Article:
Yes, people have been browbeaten for long enough with this. When I look back on the constant smears, the kind of intimidation towards questioning a thing about it when I was younger, I see how it worked. It must have been it's advocates were so vituperative because it was so corrupt, failing and people or institutions that wanted to hang onto it's power by closing down all debate or objective scrutiny.

    But this is the problem, it's what happened with the EU. You smear the opposition, you try and shout down objective scrutiny -it's the same thing...the hallmarks of a indoctrination and a totalitarian world view, power and establishment, the corrupt and self-satisfied and narrow minded trying to close down debate- this is why establishment structures and notions are crumbling- they have sent people in the opposite direction by looking weaker and less objectively viable, by refusing all rational debate.

    I for one, don't trust any ideologies unquestioned place if it's proponents behave in such a fashion.

    Do you know what I mean?
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    No, I disagree with any proposal that limits the number of hours employers are legally allowed to give their staff as part of mutual contract.

    The issue with added governmental regulation on industry is that it creates red-tape which inhibits the ability for businesses to maximise their productivity and deliver profits for its shareholders. Albeit this mightn't be as big as an issue with large multinational corporations, with medium and small sized entities the introduction of further restrictions regarding an employee's contract of employment can incur notable economic burdens on business efficiency and overall profit margins. France is well known for having a 35-hour working week yet their economy over the last few years has been one of the worst performing in the G7, as a result of the Socialist Party's incessant wanting to regulate business freedom and impose ludicrous tax policies on its affluent classes. As a result, although this hasn't had an impact on the transnational corporations which already reside on French soil, the French economy has become a no-go area for investment and start-up initiatives. The City of London and the UK has become a goldmine for economic success in Europe which is why Chinese and other investment into the city has never been higher as a result of the Conservatives' pro-business stances including cutting capital gains and corporation tax. The second we impose regulation on business, it opens a gateway for further entitlements which will detract investment and weaken Britain's economy.

    The other issue you brought up was productivity, but from the evidence you provided you don't seem to understand what productivity is a measure of. Yes, I will agree, there is evidence that those who work shorter hours are more productive during their working day. Indeed I work ten hours on some days and I'm at my most productive during the early hours of my shift. Productivity is a measure of economic output per hour in the workplace, which means although a French employee may be more productive than a British employee with their shorter hours, the gross productivity in a working day is less than a Briton who works longer hours because of simple mathematics. According to OECD data, French workers - who albeit are more productive - will yield $1,582,462 in an aggregate working hour whereas British workers - who albeit are less productive - will yield $1,782,136, not to mention the differential in overall employment. Just because French workers are more productive during their time at work, this is mitigated and superseded by the fact they work - on average - less hours.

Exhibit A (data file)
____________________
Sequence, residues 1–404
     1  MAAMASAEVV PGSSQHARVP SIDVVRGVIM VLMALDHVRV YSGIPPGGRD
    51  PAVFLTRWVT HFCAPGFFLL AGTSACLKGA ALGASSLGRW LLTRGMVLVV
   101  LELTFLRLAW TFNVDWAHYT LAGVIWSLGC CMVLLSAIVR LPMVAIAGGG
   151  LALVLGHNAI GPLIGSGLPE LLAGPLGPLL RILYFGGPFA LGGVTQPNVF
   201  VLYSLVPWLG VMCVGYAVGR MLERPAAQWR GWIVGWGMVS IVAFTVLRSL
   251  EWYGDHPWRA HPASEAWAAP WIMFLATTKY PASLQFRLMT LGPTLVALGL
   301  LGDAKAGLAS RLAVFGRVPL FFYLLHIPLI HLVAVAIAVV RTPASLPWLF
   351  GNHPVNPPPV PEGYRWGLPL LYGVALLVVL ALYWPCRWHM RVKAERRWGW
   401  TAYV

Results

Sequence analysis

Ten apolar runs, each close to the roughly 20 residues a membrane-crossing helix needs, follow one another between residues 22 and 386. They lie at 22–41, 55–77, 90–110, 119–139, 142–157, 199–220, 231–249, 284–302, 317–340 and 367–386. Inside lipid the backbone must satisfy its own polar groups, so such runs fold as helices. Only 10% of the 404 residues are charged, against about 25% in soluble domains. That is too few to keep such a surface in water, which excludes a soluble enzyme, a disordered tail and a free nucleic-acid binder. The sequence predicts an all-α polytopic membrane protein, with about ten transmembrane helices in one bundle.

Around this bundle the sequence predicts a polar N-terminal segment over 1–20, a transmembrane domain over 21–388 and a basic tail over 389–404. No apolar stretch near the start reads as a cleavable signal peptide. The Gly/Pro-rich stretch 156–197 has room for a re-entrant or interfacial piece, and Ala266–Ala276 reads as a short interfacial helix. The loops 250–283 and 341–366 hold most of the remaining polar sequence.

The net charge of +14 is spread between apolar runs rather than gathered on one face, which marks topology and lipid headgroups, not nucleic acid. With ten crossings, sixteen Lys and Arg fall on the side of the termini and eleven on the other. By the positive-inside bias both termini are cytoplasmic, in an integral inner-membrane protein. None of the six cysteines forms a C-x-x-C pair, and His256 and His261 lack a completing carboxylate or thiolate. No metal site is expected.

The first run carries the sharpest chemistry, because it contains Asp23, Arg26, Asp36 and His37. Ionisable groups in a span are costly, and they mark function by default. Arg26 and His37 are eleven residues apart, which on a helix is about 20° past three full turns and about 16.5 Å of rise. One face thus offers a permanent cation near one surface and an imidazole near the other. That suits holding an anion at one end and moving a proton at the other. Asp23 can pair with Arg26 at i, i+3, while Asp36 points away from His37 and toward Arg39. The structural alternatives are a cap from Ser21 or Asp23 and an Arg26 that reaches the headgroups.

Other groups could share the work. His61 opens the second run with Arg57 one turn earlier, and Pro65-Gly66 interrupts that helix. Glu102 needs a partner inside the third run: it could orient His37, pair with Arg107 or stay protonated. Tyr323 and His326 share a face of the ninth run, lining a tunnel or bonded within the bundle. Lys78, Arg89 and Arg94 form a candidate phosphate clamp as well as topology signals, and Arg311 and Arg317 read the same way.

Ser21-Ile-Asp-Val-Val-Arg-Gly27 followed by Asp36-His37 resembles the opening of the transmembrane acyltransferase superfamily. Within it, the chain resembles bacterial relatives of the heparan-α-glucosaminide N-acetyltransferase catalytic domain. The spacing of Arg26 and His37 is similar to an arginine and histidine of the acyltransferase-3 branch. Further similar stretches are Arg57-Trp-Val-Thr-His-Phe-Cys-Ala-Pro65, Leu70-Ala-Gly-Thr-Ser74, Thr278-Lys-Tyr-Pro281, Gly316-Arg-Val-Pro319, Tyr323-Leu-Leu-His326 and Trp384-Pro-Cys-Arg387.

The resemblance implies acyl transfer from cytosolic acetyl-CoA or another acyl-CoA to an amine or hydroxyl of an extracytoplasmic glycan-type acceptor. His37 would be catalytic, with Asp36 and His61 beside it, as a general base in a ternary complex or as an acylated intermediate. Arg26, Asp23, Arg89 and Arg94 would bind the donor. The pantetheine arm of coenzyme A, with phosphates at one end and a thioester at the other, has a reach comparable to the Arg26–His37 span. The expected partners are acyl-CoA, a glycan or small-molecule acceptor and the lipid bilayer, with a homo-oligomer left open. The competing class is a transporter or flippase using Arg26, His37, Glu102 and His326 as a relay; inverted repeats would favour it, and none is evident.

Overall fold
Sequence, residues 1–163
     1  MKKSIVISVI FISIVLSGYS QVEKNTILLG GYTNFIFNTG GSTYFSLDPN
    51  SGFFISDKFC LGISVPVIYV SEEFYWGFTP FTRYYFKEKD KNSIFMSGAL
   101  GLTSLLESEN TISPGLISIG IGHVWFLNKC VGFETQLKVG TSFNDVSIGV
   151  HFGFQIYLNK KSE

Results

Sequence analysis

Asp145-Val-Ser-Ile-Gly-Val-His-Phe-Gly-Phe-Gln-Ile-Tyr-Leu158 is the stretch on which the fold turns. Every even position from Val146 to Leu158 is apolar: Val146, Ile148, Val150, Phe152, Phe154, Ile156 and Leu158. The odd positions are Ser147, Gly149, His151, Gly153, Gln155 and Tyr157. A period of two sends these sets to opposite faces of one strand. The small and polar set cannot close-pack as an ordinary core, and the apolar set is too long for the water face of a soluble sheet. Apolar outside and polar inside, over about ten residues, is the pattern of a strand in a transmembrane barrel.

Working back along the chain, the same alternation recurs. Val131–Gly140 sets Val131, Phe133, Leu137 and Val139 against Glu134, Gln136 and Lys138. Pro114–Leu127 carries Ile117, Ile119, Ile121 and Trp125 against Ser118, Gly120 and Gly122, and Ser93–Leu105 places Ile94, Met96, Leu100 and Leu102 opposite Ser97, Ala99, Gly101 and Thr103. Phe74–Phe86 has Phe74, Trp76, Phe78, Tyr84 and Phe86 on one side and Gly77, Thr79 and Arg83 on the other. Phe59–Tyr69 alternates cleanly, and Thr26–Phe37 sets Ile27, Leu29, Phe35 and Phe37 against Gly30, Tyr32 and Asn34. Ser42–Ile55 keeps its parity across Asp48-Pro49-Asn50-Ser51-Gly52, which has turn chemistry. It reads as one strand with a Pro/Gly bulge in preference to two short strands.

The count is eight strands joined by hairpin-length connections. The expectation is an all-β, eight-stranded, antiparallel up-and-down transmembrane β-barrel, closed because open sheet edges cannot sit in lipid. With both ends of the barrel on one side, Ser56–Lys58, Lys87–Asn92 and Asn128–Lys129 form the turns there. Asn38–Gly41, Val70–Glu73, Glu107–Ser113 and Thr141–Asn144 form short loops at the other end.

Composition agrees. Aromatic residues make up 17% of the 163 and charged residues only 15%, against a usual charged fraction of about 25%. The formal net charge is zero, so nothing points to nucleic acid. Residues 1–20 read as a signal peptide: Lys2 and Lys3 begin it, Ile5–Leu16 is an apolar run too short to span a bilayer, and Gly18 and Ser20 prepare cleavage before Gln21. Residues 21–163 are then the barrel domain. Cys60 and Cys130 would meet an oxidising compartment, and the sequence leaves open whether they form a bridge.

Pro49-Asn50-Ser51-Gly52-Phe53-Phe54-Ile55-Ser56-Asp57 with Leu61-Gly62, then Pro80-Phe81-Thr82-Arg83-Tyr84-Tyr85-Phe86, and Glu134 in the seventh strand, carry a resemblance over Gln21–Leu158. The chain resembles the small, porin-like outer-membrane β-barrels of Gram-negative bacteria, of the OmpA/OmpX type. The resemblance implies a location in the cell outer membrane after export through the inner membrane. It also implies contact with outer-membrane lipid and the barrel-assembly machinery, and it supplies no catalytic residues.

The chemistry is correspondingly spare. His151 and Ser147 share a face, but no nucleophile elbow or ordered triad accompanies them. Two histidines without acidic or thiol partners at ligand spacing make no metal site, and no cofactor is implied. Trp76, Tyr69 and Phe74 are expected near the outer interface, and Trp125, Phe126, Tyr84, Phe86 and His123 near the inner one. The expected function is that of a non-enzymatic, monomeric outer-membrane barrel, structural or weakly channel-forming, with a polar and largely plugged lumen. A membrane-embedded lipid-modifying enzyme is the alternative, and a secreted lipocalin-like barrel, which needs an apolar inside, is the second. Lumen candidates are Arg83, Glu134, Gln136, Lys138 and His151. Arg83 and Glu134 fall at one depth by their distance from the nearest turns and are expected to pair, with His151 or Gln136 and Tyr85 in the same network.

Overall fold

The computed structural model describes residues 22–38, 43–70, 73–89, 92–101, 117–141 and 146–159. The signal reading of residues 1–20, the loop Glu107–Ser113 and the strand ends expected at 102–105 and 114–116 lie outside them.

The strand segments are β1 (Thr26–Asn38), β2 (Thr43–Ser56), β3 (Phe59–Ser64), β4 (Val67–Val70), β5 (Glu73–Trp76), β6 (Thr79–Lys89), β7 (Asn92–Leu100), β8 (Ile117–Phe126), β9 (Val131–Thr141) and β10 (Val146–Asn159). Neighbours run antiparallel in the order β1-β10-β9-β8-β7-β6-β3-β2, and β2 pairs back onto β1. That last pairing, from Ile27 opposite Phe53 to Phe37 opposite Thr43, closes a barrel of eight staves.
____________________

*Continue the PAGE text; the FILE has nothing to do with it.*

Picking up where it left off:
A contract of employment should be a mutual agreement between the employer and the employee, with limited government regulation dictating proceedings. The moment you impose stifling red-tape on a business's flexibility the ability for them to grow and prosper is evermore limited by the invisible hand dictating terms neither party has agreed on. Moreover, if you make it a law that employees - if they choose - can work more than six hours a day then an employer will not hire anyone who chooses not to. Jeremy Corbyn and his mob need to wake up to the fact that their ludicrous economic policies will not resonate with voters and that they don't stand up to substantiated analytical scrutiny. I'd love to work six hours a day, speaking as someone who has to get up at 3:30 am each morning to work ten hours a day stacking shelves, but the introduction of government regulation is catastrophic for business investment and the failings of France are evidence that modern-day socialist economic principles should be ignored and abandoned.
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    (Original post by Betelgeuse-)
    Not gonna be good for people who's commutes are long or costly if it means reduced pay... YUUUGE gamble
    I like your profile picture